Zarif urges U.S. to rejoin nuclear deal without hesitation

February 6, 2021 - 22:30

TEHRAN - Mohammad Javad Zarif, Iran’s foreign minister, has urged Washington to act fast to return to the nuclear accord, pointing out that legislation passed by the parliament obliges the government to harden its nuclear stance if U.S. sanctions are not eased by Feb. 21.

Zarif also referred to presidential elections in Iran in June, saying if a conservative president is elected, this could further jeopardize the nuclear deal.

In an interview with the Hamshahri newspaper, he added, “Time is running out for the Americans, both because of the parliament’s ratification and the election atmosphere that will follow the Iranian New Year.”

“The more America procrastinates, the more it will lose … it will appear that Mr. Biden’s administration doesn’t want to rid itself of Trump’s failed legacy,” Zarif remarks. 

The parliament, dominated by conservatives, passed the legislation in December that set a two-month deadline for an easing of sanctions.

President Joe Biden’s administration is exploring ways to revive the 2015 nuclear deal that Iran signed with major world powers but that was abandoned in May 2018 by former President Donald Trump, who restored sanctions and added new ones.

After seeing no actions by the remaining parties, especially the European trio (E3), Iran announced in May 2019 that its strategic patience is over and started decreasing its commitments to the accord in a step-by-step response. Last month, in accordance with the parliamentary legislation, the Atomic Energy Organization of Iran also resumed enriching uranium to 20% at its underground Fordow nuclear plant - a level it achieved before the accord.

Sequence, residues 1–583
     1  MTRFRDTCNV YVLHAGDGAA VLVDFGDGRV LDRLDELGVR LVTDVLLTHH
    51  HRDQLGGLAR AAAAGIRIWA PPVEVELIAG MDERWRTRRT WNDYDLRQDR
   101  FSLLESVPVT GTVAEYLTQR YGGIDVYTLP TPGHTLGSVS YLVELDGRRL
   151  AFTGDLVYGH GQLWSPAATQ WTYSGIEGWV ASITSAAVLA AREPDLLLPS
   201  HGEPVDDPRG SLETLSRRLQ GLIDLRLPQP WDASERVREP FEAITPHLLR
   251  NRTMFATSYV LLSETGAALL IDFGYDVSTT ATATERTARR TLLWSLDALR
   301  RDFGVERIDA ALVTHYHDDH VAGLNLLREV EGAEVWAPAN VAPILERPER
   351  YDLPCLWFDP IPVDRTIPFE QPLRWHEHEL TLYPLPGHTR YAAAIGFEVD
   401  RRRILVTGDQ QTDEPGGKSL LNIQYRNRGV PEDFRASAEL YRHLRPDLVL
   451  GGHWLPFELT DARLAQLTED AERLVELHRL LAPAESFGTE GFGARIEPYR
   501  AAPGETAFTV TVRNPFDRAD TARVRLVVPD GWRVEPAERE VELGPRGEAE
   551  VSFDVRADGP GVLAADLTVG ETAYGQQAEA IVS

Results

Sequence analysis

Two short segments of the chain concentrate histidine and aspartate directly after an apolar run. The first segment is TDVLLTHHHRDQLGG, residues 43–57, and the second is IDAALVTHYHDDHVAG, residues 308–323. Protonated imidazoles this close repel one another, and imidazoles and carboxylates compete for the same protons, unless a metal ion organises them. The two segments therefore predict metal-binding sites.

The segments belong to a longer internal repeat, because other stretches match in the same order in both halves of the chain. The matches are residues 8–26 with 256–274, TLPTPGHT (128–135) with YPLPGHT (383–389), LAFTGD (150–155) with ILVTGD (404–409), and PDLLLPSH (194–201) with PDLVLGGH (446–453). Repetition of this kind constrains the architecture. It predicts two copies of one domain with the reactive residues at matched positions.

Biden has said that if Tehran returned to strict compliance with the pact, Washington would follow suit and use that as a springboard to a broader agreement that might restrict Iran’s missile development and regional activities.

Tehran has insisted that Washington ease sanctions before it resumes compliance, and ruled out negotiations on wider security issues.

U.S. Secretary of State Antony Blinken discussed Iran on Friday in a virtual meeting with his British, French and German counterparts as the group weighed how to revive the deal.
“The more America procrastinates, the more it will lose … it will appear that Mr. Biden’s administration doesn’t want to rid itself of Trump’s failed legacy,” Zarif remarked in his interview with the Hamshahri.

“We don’t need to return to the negotiating table. It’s America that has to find the ticket to come to the table,” he added.

On Monday, Zarif hinted at a way to resolve the impasse over which side moves first, by saying the steps could be synchronized.

President Biden remains silent on Iran as his team works to rejoin nuclear agreement. Robert Malley, the U.S. new Iran envoy, is forming a team with varying viewpoints on the Iran issue and consulting with Congress. The U.S National Security Council convened a high-level meeting on Friday to discuss Tehran's escalating nuclear enrichment and next steps. 

Jen Psaki, White House spokeswoman, tweeted about the meeting and noted, “The meeting today is part of an ongoing policy review.” 


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